Review: Retro-Bit Dual Link NES Controllers

A decent take on the NES controller

There is nothing I hate more than a shit controller. I am probably more serious about my controllers than I am games themselves; I spend an unreasonable amount of time researching input solutions for my retro gaming habit. And just a few years ago, it was almost impossible to find decent third-party solutions for old consoles, or for NES or SNES styled controllers that were compatible with USB.

All that has changed recently. With companies such as 8bitdo coming into the market and making fantastic wireless solutions, and hidden gems such as the Buffalo (formerly iBuffalo) Super Famicom styled USB controllers, there is now a far more decent variety of controllers to choose from.

A few years ago I picked up a dogbone replica controller from a company called Retro-Bit. I am probably one of the few people who seems to be fond of the dogbone style NES controller that came with the Famicom AV and NES Top Loader. With a slightly angled button layout, a different d-pad, and a design that was meant to be a bit more ergonomic, it was a controller I really dug. But the clone by Retro-Bit didn’t stand up, and I initially wrote the company off as being yet another cash grab. There are a few too many garbage companies putting out bad copycats, and that was how I felt at the time.

After reviewing the RES Plus however, I found myself continuing to use the stock wired controller that Retro-Bit packed in with the system. I’ll be honest; this is not a replica controller by any means, and neither are the identical Capcom Dual Link controllers Retro-Bit sent me, which have connectors for both the NES and USB, and worked flawlessly both ways. It is Retro-Bit’s own take on the controller, but it happens to be one of the more comfortable third-party NES controllers I have ever used.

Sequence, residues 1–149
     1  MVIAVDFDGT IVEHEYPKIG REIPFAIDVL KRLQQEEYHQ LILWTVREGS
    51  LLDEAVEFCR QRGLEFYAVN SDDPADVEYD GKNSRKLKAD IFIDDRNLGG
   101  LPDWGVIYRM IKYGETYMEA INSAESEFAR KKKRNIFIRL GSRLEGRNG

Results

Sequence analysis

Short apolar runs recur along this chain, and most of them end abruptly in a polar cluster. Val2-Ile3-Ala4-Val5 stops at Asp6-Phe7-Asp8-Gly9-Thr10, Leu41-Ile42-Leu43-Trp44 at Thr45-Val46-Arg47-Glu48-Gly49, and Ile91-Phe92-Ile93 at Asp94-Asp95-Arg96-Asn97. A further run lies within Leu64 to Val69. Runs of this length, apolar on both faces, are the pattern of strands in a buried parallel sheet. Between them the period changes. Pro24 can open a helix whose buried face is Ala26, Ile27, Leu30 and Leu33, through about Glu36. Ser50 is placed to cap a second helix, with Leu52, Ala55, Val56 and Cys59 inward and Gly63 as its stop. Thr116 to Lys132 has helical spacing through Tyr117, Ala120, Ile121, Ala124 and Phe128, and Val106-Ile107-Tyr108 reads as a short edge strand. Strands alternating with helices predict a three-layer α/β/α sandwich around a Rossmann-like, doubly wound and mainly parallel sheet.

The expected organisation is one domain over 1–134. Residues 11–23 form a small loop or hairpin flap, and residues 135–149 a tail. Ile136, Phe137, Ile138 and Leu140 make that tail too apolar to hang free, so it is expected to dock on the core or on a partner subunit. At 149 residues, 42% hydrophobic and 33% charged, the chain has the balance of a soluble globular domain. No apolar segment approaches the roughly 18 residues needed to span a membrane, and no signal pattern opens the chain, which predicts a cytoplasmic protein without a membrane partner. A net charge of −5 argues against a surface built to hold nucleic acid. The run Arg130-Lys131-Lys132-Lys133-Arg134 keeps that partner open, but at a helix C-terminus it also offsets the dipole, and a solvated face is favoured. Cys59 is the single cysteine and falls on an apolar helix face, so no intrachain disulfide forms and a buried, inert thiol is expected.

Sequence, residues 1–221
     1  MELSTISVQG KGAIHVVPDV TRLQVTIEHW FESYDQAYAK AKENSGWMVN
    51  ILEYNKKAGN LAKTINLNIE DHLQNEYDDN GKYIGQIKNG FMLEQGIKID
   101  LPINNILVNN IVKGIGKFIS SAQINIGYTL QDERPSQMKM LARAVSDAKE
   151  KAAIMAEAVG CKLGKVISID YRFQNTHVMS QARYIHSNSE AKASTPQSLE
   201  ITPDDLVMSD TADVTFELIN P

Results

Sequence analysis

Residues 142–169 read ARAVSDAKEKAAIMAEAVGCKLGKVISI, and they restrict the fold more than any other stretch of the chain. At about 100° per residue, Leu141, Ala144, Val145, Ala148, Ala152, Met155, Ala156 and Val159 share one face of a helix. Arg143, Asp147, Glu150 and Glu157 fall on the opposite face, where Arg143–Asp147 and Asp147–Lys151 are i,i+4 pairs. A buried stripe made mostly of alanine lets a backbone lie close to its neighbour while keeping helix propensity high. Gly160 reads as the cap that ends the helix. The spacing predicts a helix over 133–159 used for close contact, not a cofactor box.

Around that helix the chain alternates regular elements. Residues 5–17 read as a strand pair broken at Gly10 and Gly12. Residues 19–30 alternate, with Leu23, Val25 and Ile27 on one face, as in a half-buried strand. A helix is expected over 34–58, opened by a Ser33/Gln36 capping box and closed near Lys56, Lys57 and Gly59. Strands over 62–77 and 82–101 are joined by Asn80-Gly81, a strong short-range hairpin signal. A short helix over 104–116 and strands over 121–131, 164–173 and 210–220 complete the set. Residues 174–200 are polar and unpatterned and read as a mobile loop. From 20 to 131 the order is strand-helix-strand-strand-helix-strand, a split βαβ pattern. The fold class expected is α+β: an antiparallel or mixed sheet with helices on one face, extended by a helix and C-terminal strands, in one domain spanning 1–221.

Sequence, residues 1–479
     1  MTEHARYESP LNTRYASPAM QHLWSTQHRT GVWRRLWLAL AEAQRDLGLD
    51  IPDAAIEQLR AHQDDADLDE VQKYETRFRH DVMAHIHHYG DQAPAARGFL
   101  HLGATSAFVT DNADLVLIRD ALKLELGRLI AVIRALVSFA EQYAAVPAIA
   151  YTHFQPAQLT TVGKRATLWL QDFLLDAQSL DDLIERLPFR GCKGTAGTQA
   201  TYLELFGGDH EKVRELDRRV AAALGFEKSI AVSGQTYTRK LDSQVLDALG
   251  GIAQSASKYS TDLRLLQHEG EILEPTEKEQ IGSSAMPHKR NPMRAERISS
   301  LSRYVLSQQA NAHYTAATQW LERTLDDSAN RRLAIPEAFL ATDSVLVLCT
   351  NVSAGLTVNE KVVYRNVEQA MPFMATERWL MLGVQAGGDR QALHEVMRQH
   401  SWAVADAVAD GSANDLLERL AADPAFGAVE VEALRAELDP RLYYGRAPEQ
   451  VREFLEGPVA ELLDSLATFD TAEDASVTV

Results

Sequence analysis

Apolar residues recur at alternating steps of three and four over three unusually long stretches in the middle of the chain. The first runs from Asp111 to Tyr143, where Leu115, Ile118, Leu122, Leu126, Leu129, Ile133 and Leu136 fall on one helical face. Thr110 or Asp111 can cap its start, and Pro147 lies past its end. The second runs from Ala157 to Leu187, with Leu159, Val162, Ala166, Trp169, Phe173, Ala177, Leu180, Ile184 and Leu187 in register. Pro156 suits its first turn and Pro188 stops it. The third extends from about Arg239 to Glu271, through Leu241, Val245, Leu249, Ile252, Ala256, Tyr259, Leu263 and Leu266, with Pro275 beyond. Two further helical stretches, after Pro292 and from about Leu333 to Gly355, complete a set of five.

The actual shell is a rectangle which is going to be familiar to most, and likely the preferred design choice. But as far as button layout, it more resembles the dog bone controller with the B button being located slightly below the A button. Unique to this controller is a start and select button which are located higher up on the pad, which is admittedly bizarre. If anything, it took me a bit of getting used to, and having never once mispressed start or select on the original NES design, it’s a bit baffling why they chose to place the buttons there, but it is a negligible difference that took minutes to adjust to.

 The d-pad on the Dual Link controllers does not have the same spring as an original NES controller. They are far more firm in their design, and at first I thought this was going to be a problem. But after testing it among the tougher games in my collection (like fucking Battletoads) I never had any play issues as a result of this. The pad needed a bit of wear to feel like it was fully broken in, like most new controllers do, but after a few plays on it it felt pretty natural.

I don’t mind the convex design of the buttons. They don’t feel quite as snappy as the originals, but that is also assuming your controllers are in pretty good shape to begin with. I do find their placement to be a little more comfortable when playing certain games, specifically those where you need to hold one button down for a long period of time while pressing another, such as Mario. But games where you are alternating buttons in rapid succession such as Journey to Silius and Mega Man didn’t feel quite as natural. 

Apart from functionality, the build quality feels great. Nice soft plastics give the controller a smooth, solid feeling. And the Capcom branded decals are pretty nice. The Dual Link controllers come with both a Mega Man label and Ghosts ‘N Goblins label and can be bought from Amazon. Personally, the visual aesthetic of the controller doesn’t matter much to me, but they look good. Seeing the Rockman logo with Mega Man printed inside in bubble letters has always looked strange to me. I like the Mega Man logo we got in the west a lot better.

It’s nice to see Retro-Bit has stepped up their game — just don’t expect this to feel the same way as an original. It’s not a replica as much as it is a different take, but with that in mind, I really like the way these feel. New controller options are essential as the old ones deteriorate, and these are a pretty solid option in my opinion.

[This review is based on a retail version of the hardware provided by the manufacturer.]

Joel Peterson